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Sunday Old School: Flotsam And Jetsam

In the United States, the main focus on thrash metal seems to be on the states of New York and California, though anyone who knows a bit about the genre will tell you that America produced some excellent thrash from all across the country. Take for example the state of Arizona, which gave birth to an act still going strong today, Flotsam and Jetsam. The seeds of the band were sewn in 1981 in Phoenix, Arizona, where drummer Kelly David-Smith formed the group with guitarists Pete Mello and Dave Goulder under the moniker, Paradox. They were soon joined by bassist and vocalist, Jason Newsted, who was in town with his band Gangster, who broke up in the city on their way to California from Michigan. After a few members came and went, along with the new name, Dredlox, Kelly reached out to an old schoolmate named Eric A. Knutson, who was attending the same summer school class and agreed to audition for the band. The group soon changed their name once more, this time to Dogz, before rechristening themselves yet again under the moniker, Flotsam and Jetsam.

They soon established themselves in the Arizona club scene and would frequently make the trip to California, leading them to support such acts as Megadeth, Mercyful Fate and Armored Saint amongst others. They recorded their first demos in 1985, "Iron Tears" and "Metal Shock," as well as a video for "Hammerhead," which they recorded in guitarist Ed Carlson’s living room. Their efforts impressed several record companies and before long they were signed to Metal Blade Records, who had previously signed Metallica and Slayer. They released their debut album, "Doomsday for the Deceiver" in 1987 to instant critical acclaim, becoming the first album in history to be rated 6/5 in Kerrang! magazine and is still regarded today as one of, if not their strongest work and one of the best debuts in the history of thrash metal.

Despite the rewards Flotsam and Jetsam had garnered, Newsted soon left the band in order to join Metallica, who were looking for a new bass player after the death of Cliff Burton the year before. Phil Rind of Sacred Reich filled in as a deputy for a while, before Michael Spencer of Sentinel Beast became the group’s new bassist. They signed a new record deal, this time with Elektra Records, who Metallica had also signed with and embarked on their first European tour supporting Megadeth before heading home to begin work on their next album, "No Place for Disgrace," which was released in 1988. The album marked the debut of another new bass player, Troy Gregory and was met with positive reviews. It was also notable for containing a cover of the Elton John song, "Saturday Night’s Alright for Fighting" and for featuring material co-written by Jason Newsted, despite his departure. They followed this effort with, "When the Storm Comes Down" in 1990 for their new label, MCA Records. They expected the album to break them into the mainstream but unfortunately, the album was not met with the broad enthusiasm they expected and Gregory left soon afterwards to join Prong.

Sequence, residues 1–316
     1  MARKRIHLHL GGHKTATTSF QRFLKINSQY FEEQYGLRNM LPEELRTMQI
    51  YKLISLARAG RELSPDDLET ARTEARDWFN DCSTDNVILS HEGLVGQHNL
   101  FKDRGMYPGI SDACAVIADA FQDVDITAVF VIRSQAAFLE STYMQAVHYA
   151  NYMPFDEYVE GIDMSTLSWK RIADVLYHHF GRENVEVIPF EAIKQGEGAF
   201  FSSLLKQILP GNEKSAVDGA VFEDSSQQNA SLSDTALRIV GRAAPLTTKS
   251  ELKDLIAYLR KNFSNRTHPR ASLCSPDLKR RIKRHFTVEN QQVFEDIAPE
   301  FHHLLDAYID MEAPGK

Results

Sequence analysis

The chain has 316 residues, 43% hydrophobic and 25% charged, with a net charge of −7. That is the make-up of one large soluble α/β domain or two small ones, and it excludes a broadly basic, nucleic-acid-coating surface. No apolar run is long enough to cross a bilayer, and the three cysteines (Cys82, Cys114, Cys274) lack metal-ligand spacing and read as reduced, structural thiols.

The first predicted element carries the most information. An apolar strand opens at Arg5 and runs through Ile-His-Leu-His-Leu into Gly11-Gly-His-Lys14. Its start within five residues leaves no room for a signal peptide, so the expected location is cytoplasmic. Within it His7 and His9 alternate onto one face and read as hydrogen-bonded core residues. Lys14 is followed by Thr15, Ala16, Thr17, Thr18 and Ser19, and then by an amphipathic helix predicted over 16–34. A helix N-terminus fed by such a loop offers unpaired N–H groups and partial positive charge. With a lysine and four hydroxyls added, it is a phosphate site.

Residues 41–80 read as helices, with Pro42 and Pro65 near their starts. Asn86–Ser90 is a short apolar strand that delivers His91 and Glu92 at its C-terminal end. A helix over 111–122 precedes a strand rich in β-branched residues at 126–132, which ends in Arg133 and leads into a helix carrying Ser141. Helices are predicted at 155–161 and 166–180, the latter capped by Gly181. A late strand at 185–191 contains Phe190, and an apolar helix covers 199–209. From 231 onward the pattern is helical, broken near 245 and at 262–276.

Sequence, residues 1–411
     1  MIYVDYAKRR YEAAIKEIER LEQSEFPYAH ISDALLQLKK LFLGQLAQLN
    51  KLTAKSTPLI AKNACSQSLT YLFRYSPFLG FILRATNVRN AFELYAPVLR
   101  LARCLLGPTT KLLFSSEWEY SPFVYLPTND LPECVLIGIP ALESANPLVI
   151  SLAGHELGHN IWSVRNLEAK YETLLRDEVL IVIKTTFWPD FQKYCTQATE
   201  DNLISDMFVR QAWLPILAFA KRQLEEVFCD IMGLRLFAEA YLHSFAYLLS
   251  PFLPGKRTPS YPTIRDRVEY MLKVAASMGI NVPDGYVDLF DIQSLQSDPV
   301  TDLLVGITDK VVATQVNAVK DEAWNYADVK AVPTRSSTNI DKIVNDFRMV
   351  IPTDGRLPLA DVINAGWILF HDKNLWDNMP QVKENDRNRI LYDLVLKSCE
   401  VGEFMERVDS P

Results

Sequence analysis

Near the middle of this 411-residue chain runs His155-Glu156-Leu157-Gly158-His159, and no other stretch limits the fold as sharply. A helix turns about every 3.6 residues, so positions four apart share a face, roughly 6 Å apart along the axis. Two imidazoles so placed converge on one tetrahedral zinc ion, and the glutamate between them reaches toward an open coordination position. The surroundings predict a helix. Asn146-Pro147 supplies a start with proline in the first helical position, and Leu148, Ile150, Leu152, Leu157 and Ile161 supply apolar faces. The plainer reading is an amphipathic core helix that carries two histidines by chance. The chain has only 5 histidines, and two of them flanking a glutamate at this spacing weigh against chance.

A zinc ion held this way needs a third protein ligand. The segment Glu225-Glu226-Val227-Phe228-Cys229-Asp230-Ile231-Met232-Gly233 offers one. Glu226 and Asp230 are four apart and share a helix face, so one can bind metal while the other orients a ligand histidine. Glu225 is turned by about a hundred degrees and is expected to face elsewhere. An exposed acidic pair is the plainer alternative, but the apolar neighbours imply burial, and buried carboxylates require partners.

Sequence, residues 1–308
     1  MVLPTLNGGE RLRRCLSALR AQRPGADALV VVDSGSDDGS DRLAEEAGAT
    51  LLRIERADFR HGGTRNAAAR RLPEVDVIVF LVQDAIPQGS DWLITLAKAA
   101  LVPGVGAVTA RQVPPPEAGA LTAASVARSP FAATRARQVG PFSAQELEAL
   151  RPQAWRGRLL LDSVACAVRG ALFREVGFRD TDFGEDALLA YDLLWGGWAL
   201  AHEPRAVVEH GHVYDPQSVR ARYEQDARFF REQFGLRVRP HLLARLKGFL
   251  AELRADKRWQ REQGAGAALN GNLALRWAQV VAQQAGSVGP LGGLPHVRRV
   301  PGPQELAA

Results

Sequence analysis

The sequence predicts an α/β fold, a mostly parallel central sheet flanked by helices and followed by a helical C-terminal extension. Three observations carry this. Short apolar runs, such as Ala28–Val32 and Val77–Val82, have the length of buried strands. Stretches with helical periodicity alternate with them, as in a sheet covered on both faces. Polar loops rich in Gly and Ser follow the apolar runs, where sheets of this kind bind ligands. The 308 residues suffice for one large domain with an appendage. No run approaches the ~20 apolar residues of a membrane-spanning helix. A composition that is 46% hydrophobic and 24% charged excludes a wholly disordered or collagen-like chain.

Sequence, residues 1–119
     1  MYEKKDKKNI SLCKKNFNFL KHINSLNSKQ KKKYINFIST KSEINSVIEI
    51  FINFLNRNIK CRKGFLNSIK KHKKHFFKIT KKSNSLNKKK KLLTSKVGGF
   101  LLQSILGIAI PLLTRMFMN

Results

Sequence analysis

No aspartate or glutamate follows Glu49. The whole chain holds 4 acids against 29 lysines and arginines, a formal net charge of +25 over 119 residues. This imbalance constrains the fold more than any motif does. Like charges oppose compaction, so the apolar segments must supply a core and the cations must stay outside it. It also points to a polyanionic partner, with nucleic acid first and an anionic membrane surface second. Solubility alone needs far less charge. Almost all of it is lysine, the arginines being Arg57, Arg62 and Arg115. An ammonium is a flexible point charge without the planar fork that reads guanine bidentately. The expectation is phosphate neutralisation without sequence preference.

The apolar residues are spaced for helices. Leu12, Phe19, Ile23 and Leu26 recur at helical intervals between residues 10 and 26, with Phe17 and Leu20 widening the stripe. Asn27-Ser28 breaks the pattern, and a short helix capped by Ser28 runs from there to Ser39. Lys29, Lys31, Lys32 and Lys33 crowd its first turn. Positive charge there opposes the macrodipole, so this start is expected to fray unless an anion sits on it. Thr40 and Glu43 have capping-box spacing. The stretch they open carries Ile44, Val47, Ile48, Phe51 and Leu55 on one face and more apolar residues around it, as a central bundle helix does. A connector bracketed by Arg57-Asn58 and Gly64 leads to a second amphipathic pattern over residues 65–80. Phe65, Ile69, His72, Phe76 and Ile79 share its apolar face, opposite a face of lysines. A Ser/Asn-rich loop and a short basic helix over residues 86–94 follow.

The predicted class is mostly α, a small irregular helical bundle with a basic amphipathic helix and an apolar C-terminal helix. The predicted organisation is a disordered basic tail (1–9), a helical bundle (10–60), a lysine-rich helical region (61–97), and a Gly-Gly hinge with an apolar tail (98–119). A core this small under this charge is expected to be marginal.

After holding auditions in their hometown of Phoenix, the band hired bass player, Jason Ward and released their fourth album, fittingly entitled, "Cuatro" in 1992. The record included the song, "The Message," which was co-written by Soundgarden frontman, Chris Cornell, as well as the singles, "Swatting At Flies" and "Wading Through the Darkness," the latter of which received substantial airplay on MTV. The album did well enough to keep them on a major label, in spite of the waning popularity of heavy metal at the time, though their next album, "Drift" would prove to be their last for MCA. It was dedicated to Jason Ward’s brother Jeff, the former drummer of such bands as Nine Inch Nails and Ministry, who passed away in 1993. The band parted company with their label while on tour with Megadeth and Korn and would re-sign with Metal Blade once they got home for their next release, "High," which featured a more experimental tone than previous efforts.